, May 24, 2024

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Nikos Koutoulas via Flickr
by Krip Yuson

When I declared war on that tribe
because of the color green
I believed then how correct it was.
But that was decades ago
and if I were faced with the same
quandary now, I might not unleash
the fatal energy our flowers wielded.

Seeing the children that survived
the decimation, today as grown up
as good manners and right conduct,
I note their selection of proper costumes.
Why, they’ve even taken to press
our hands to their foreheads,
and break up small crabs for elders.

When I punished the leaders
of remote islanders for felling
coconuts out of season, I only
realized the mild error when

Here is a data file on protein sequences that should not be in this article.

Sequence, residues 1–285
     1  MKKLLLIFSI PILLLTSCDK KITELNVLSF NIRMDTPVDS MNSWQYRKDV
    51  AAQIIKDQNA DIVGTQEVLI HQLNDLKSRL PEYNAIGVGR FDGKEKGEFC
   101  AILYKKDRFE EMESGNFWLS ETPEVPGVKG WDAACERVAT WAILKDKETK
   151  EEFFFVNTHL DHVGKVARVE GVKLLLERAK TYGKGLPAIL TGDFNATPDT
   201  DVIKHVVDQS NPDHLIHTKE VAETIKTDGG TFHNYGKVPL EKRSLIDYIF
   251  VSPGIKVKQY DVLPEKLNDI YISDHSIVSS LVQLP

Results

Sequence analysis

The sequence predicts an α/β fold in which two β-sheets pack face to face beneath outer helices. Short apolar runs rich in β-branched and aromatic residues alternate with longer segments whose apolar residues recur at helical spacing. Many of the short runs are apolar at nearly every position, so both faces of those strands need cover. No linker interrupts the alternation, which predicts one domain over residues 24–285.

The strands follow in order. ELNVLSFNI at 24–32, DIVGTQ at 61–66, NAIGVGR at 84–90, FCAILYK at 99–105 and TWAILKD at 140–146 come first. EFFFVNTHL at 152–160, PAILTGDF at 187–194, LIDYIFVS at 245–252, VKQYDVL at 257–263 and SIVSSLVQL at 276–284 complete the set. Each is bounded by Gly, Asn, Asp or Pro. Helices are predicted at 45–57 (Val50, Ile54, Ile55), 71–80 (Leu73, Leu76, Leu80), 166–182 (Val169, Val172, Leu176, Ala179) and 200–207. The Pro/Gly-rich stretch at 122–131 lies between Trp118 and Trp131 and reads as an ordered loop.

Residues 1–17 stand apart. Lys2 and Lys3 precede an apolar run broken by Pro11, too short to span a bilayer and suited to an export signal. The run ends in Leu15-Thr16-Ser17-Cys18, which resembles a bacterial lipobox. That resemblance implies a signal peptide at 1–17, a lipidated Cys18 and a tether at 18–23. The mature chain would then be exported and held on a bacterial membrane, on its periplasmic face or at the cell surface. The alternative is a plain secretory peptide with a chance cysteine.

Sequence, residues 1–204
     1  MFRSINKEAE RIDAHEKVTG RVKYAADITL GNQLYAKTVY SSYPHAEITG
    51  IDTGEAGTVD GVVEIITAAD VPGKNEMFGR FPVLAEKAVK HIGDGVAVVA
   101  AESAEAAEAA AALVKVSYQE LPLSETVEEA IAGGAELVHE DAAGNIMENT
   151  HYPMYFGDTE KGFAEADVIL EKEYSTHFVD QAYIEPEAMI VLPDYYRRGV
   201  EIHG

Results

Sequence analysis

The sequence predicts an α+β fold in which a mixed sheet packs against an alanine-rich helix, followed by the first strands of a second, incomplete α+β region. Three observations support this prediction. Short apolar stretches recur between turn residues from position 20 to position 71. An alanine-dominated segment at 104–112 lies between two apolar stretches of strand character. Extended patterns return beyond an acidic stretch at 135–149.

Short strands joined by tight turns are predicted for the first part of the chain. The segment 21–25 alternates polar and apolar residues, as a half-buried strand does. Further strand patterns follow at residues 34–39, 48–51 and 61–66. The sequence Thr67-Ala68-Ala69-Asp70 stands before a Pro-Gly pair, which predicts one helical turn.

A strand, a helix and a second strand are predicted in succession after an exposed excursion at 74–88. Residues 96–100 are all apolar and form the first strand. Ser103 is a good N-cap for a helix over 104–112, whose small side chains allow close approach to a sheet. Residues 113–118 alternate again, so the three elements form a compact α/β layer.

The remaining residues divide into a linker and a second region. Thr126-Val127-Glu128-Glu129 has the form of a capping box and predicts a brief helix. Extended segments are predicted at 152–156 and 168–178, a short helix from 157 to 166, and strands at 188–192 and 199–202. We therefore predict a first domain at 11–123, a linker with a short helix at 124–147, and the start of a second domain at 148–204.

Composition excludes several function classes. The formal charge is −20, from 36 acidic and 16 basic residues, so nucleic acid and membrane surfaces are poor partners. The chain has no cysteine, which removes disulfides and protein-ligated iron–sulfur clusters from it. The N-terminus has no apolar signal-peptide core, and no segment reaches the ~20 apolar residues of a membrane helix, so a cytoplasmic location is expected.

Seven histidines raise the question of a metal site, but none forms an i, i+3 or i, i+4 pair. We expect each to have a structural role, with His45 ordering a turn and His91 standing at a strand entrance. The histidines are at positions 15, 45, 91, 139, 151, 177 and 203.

the planet careened into void
of sorcery. The waters rose
to endanger even warm magic.

Away from youth, oh so remote
there is no more space and yet
there is still space, to dance
farther from the loves we chose —
the skies say we change through time.
Yet still no tears bear any cost
for plunder of beasts and ghosts.

We can only accept that the fun
of wisdom is repeatedly unmasked
by strange new feasts of weather.
We can only sing the question
that does not befuddle nor skip
a beat: which is stronger, the regret
of power, or the power of regret.

About the Poet:

Krip Yuson is a multi-awarded literary writer. He was conferred the Southeast Asia Write Award (SEA Write), and has been elevated to the Hall of Fame of the Carlos Palanca Memorial Awards for Literature. He has authored 35 books, including novels, poetry collections, short fiction, essays, and children’s stories, apart from having edited various other titles.

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